The offenders should receive exemplary punishment in the court of law and the government should leave no stones unturned to do the needful. It's good to know that the CM has vowed the 'harshest punishment possible' for the guilty.

Looking forward to the development that follows.

Thursday, December 08, 2011

Two ‘Kachuri’ Experiences

1. Tucked away in Meredith Street, near the Bentinck Street Crossing, is this low-profile, old vegetarian eatery ‘Shivam’s’. It serves a variety of vegetarian fare at down-to-earth prices. It’s my favourite place to eat when I opt for a roti lunch at work and have the time to go out.

Was feeling very hungry post-work last Tuesday evening (the Muharram day). As all the joints I went to were closed, I settled for Shivam’s. Had kachori and alur tarkari (Potato curry). The kachoris were thick and the curry was light, cooked home-style, with less gravy and more potatoes. The curry is markedly different from any other place serving the same food. It was a tasty and filling evening snack with four kachoris (At Rs 16).

Had written about its singara and vegetable chop last year in a tiny post Evening Snacks.

2. This run down telebhaja (Kind of fried Bengali snacks) shop at a dilapidated house at 17 Dixon Lane (Now known as Shahid Sushil Dasgupta Sarani, adjacent to Prachi cinema) is popular for its cheap kachoris. Till two years back or so, it sold kachoris at an unbelievable Re 1 a piece. Went there this morning for kachoris after a long time. The price stands slightly higher at Rs 1.50 a piece now, but the taste is equally good as last time. Keeping with the season, green peas show in the delicious alur tarkari served with the kachori. They also sell jilipi, beguni, alur chop, phuluri, and dhoka among other things.

Monday, December 05, 2011

The Mutton Roll at Anil Saha

When Anil Saha, a businessman experienced in the fast food business opened his roll shop (Named ‘Anil Saha’) next to the extremely popular Kohinoor roll centre in Barrackpore Chiria More in the 90’s, many were apprehensive of its success. It was mostly because of Kohinoor’s popularity.

It didn’t take him long before he proved all wrong with a roaring success. It became one of the hottest roll joints in Barrackpore. It has been one of my favourite local joints since then.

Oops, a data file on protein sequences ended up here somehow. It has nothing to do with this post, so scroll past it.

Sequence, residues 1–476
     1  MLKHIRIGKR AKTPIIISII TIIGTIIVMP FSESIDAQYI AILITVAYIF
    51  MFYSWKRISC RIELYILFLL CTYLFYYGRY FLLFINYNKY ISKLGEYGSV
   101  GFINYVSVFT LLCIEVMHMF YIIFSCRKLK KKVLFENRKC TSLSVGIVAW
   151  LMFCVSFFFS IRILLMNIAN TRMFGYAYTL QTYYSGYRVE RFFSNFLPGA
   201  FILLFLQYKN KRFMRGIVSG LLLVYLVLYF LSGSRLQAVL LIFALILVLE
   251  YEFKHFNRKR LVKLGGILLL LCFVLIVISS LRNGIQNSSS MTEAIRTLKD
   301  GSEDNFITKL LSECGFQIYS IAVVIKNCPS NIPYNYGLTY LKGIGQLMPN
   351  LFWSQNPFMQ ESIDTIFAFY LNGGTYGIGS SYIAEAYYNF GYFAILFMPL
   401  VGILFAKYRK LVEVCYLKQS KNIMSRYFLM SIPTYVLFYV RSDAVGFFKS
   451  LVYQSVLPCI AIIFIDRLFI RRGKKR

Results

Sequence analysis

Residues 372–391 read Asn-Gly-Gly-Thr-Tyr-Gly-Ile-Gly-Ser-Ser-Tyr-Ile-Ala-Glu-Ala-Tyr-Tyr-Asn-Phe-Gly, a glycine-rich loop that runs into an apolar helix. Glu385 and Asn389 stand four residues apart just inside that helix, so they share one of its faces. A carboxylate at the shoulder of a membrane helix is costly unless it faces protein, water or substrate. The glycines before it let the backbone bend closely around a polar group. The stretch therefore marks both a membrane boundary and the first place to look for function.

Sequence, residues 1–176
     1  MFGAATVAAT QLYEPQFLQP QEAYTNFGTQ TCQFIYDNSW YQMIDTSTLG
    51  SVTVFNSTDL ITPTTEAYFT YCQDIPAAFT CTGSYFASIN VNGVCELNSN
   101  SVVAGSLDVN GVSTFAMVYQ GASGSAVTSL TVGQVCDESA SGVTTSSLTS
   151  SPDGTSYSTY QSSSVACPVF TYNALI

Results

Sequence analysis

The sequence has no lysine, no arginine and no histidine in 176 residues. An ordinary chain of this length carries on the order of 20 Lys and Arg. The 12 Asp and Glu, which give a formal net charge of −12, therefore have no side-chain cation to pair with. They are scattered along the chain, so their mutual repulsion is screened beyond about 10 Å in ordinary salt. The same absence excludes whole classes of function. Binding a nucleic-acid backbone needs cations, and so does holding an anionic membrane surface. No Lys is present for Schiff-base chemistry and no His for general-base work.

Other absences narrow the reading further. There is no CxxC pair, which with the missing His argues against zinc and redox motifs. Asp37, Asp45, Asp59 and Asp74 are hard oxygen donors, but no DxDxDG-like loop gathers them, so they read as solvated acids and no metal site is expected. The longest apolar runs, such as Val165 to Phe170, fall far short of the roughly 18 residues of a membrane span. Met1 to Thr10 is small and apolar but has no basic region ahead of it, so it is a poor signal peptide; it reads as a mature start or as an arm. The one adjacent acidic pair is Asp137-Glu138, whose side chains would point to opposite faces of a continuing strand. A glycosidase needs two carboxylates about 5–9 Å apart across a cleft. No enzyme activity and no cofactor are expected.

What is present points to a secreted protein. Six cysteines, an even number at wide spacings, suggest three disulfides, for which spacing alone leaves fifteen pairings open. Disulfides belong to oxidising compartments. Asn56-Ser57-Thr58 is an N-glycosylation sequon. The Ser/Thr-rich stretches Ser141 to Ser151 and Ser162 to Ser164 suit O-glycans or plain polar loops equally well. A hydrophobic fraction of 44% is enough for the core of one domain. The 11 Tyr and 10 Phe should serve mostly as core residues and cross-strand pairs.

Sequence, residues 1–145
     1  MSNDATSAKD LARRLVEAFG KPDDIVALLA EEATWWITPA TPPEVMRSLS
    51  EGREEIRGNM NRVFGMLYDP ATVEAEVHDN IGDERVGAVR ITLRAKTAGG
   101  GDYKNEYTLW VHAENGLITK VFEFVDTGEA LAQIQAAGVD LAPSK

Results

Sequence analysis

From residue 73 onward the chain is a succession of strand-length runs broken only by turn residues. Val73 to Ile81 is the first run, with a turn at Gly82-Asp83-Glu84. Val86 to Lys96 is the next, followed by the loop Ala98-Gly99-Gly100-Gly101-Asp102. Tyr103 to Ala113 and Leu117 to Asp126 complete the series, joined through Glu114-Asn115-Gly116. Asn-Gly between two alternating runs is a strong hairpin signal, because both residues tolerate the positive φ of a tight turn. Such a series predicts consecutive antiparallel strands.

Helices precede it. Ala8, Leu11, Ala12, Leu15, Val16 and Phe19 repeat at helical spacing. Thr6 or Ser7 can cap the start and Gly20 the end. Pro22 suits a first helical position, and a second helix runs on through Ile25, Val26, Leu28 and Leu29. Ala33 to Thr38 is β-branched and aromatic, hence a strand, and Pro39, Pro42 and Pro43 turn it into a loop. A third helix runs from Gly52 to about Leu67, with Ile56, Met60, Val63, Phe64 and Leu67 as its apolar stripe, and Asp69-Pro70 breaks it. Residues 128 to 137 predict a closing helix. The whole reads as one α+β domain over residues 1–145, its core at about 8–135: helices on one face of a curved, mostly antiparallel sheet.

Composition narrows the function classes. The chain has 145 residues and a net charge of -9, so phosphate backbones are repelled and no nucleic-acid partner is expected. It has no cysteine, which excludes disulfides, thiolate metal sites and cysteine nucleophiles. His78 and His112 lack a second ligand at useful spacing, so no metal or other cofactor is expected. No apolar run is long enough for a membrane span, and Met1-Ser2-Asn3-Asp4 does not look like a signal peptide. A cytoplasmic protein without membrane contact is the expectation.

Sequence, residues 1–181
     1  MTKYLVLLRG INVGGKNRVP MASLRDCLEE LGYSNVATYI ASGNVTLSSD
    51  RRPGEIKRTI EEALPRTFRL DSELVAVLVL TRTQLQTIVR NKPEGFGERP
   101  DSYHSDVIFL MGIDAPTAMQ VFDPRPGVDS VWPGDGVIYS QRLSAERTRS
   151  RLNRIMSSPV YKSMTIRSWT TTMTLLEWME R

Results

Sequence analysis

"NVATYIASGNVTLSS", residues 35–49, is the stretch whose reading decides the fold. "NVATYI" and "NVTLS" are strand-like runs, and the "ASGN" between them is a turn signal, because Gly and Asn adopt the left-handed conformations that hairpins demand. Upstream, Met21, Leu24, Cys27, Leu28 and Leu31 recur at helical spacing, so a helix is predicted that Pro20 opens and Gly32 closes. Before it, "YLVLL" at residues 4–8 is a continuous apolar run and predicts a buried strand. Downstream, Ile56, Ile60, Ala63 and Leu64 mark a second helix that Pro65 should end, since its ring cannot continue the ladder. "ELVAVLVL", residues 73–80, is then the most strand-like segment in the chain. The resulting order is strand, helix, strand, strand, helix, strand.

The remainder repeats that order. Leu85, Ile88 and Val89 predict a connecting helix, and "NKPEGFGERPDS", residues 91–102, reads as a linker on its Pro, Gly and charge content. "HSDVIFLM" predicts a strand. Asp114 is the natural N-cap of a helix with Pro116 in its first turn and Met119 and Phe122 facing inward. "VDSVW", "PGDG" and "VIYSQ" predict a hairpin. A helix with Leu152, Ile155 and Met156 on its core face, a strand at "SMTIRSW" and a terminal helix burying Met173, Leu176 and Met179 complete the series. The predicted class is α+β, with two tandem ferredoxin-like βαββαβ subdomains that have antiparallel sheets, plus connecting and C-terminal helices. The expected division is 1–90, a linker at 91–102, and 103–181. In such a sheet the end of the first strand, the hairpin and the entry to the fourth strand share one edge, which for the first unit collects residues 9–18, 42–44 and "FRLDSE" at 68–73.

One of its best items is the mutton roll. Full with juicy pieces of soft mutton, cooked in a light gravy (Somewhat home-style), it’s just the way a good mutton roll should be. Making this food is indeed an art that few roll joints even in Kolkata city have mastered. The mutton roll from Anil Saha has been a hot favourite since our student days when it would be considered an occasional indulgence considering the megre pocket money we used to receive from our parents.

Went to the place yesterday with an old friend equally fond of the mutton roll. And we ordered it! And it felt great to experience the same old taste! We felt nostalgic. It costs Rs 35 now, but delivers complete value for money. They make the paratha with white oil, not with vanaspati unlike other roll joints. So there’s no greasy aftertaste caused by vanaspati.

For those interested, it’s located behind Roy Optical which is a well-known optical store right at Chiria More junction, near the island. And anyone around can help with direction.

Friday, December 02, 2011

The toast at Chittababu's Shop

My recent visits to this favourite place after a long gap and savouring their toasts brought me to this post.

There are toasts available in the city (at numerous street shops and small joints) and then there are toasts made at Chittababu’s Shop! I sincerely believe few make toasts as good as Chittababu’s Shop. Crisp and brown at places, with a thin streak of just absorbed butter in the middle and a dash of salt ‘n’ pepper sprinkled over. Umm….pure bliss! This non-descript yet legendary shop at Dacres Lane (at Esplanade East, a few minutes walk from Dharmalata / Esplanade metro station) is the eternal favourite of the large population of local officegoers.

Apart from toasts, the ghughni made at this place is extremely popular and markedly different from the regular stuff you get outside home. The ghughni is darker, thicker and taken with two toasts can make you feel full. The package comes at Rs 14. If you take plain toasts (without butter), that’s preferred by many, it will cost Rs 12. A great alternative to ghughni (with toasts) is the liver curry – small pieces of chicken liver in a mildly spicy vegetable curry can make for a memorable evening snack.

Their tea also stands out and needless to say is preferred by many to pair with toast or round off their evening snacking.

The shop is also famous for its fish fry and stew. There are many other pop picks like fish roll, fish pakora and fish chop. They have also been serving chilli chicken and maybe one or two odd Chinese dishes for some years but that cuisine is definitely not their forte and doesn’t reflect their culinary expertise. I also used to love their chicken pakora. A small pakora with juicy chicken inside, a wee bit sweeter than regular chicken pakoras (because of the filling) would make it outstanding. They would come at just Rs 7 apiece. But on my last visit observed that the pakora has become smaller and the taste wasn’t as good. Is rapidly rising prices the culprit? Would have loved if they priced it at Rs 10 and made it a bit larger, while not compromising on the taste. Was the double-digit price a difficult decision to make? I wonder.

(You may also read my old post Chittababu's Shop).